Sony a290 vs. Sony a390

Sony a290 vs. Sony a390

Sony released two new entry-level DSLRs, the Alpha 290 and 390, which replace the previous trio of Alpha 230, 330 and 380. Both the Alpha 290 and the 390 cost less than 500 EUR with the 18-55mm SAM set lens, and they are also technically largely identical: the CCD image sensor has a resolution of 14.2 megapixels and is mounted on a movable mount for image stabilization (Sony SteadyShot), the bayonet is compatible with all Alpha (and older Minolta autofocus) lenses, and the APS-C size of the image sensor means that the focal length extension factor is 1.5. In contrast to the Alpha 290, the 390 offers LiveView, and the 2.7″ screen (6.9 cm) is also foldable.

We have a complete review of each of these cameras. We have the review of the Sony Alpha 290 and another article with the review of the Sony Alpha 390.

The folding mechanism allows the screen of the Alpha 390 to be tilted 55° downwards and 135° upwards. As a result, the Alpha 390 is about 41 g heavier than the Alpha 290, which weighs 504 g ready for operation (with battery and memory card, but without lens). Moreover, the Alpha 390 is somewhat thicker than the Alpha 290, whose case measures 79.6 mm in thickness, at 128.1 x 97.1 x 83.5 mm. Those who can do without LiveView and folding screen will save around 50 EUR with the Alpha 290, as it is said to cost only around 450 EUR with 18-55mm SAM. Both Alphas are not offered without a set lens, but are additionally available with 55-200mm SAM in a set, the additional price is 200 EUR each. The new entry-level DSLRs should be available from the end of July 2010.

A striking change compared to the previous models is the ergonomics. Fortunately, Sony has moved away from the grip design without reasonable ergonomics, so that the two new models should fit much better and safer in the hand. Both have an optical reflex viewfinder, although there are further differences due to the LiveView mechanism. At 0.83x magnification, the viewfinder of the Alpha 290 is slightly larger than that of the Alpha 390, which magnifies 0.74x. In addition, the eye relief, which is greater on the Alpha 390 at 19.7 mm from the eyepiece than on the Alpha 290 at 16.5 mm, is different. In practice, this means that with the Alpha 290, you have to move your eye closer to the viewfinder to avoid shadowing the corners. The differences are due to Sony’s LiveView mechanism. In the viewfinder hump is a small image sensor, by mechanical switching on the viewfinder a mirror swivels the viewfinder image instead of through the eyepiece to the eye on this image sensor, which provides the live image, but only with 90% field coverage. This allows the large primary mirror to remain stationary, which means that the autofocus sensor in the bottom of the camera can remain active, giving Sony the fastest LiveView autofocus of any DSLR. In contrast to the Alpha 550, for example, the entry-level cameras do not offer a LiveView function via the main image sensor in order to be able to work extremely precisely, for example when focusing manually.

The other equipment of the cameras is absolutely identical. For example, the proximity sensor between the viewfinder and the screen, which turns the screen off. A position sensor ensures that the screen content is correctly rotated during status display and playback. In addition to a main menu, the Alphas also have a quick menu for important settings that cannot be accessed directly using the existing controls. ISO sensitivity ranges from ISO 100 to ISO 3,200 at both, and noise reduction ensures noise-free images even at higher sensitivities. Shooting programs range from subject programs to program auto to semi-automatic with manual selection of aperture or exposure time or full manual control of exposure – so beginners, those willing to learn and creative people will all get their money’s worth.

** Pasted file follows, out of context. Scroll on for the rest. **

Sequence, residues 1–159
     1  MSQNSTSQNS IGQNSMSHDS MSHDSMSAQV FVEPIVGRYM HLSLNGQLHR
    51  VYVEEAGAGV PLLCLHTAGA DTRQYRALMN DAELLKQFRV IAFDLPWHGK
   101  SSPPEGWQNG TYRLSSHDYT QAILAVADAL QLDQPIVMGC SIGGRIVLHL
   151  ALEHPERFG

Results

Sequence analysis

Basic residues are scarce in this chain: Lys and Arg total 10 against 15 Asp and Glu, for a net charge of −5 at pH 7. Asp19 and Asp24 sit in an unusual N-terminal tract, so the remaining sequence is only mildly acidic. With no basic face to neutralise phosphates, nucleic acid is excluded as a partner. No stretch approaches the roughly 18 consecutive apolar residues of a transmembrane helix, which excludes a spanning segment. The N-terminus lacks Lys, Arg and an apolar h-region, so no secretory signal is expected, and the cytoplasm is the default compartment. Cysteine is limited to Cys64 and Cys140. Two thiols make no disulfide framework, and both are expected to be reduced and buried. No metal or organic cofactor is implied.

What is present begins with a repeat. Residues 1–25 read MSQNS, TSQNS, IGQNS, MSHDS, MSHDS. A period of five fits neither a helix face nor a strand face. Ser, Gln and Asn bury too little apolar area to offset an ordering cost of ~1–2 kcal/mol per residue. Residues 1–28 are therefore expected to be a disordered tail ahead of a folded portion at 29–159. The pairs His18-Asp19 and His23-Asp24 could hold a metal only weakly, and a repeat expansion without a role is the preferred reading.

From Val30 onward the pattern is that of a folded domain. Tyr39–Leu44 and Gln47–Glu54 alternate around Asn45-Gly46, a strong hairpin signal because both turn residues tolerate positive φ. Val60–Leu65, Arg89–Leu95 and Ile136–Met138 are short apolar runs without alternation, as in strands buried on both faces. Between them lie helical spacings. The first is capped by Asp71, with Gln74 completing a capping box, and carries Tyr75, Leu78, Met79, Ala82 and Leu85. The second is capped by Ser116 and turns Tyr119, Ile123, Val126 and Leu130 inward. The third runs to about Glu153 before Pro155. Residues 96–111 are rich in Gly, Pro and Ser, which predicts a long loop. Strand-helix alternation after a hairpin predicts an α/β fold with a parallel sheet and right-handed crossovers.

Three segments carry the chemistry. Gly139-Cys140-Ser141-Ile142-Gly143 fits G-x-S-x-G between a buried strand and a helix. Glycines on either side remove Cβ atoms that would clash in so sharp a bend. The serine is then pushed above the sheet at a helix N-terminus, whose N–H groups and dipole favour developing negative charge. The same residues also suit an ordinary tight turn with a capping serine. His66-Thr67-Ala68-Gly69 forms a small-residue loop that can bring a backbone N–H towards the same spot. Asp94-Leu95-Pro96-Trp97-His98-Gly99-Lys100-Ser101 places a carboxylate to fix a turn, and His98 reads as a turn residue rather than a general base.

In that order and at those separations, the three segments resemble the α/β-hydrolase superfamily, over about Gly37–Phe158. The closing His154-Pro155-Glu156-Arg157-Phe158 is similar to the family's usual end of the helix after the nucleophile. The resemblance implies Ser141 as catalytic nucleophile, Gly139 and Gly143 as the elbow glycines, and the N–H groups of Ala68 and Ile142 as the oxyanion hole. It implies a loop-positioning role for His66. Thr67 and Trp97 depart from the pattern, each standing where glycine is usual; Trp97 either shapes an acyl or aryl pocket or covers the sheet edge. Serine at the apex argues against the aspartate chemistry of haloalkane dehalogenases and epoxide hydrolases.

Other features include a flash with guide number 10 and a mini-HDMI connection for viewing images on HD TVs, with Bravia-Sync ensuring that the TV remote control can be used to control the connected camera, for example to start the slide show or to manually click on the images. Both Alpha models have two memory card slots, one for memory sticks and one for SD(HC) cards. Switching must be done manually, i.e. the camera cannot automatically control the memory cards in parallel or sequentially.

Sony particularly emphasizes the Alpha 290 and 390’s beginner-friendly and easy operation, with menus and displays designed to be easy to understand and the function of the control wheels always displayed. Both an explanation of the camera operation and a basic photo course (even with meaningful sample pictures) are stored and retrievable in the camera. As usual, Sony offers an extensive range of accessories including cases, lenses, optical filters, GPS, Li-Ion replacement batteries, flashes etc.

 

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Peter Dench
I am Peter Dench. Digital Photographer, born in London 1972, currently living in Deerfield, near Chicago. I have numerous photography expositions and also working in model photography. In this website, PhotoPoint, I usually review cameras provided by local dealers in Illinois and by the manufacturers. Sometimes I, Peter Dench, review lenses too, but only when I have a suitable camera for them. Please let me know in the comments if I can improve any of these articles.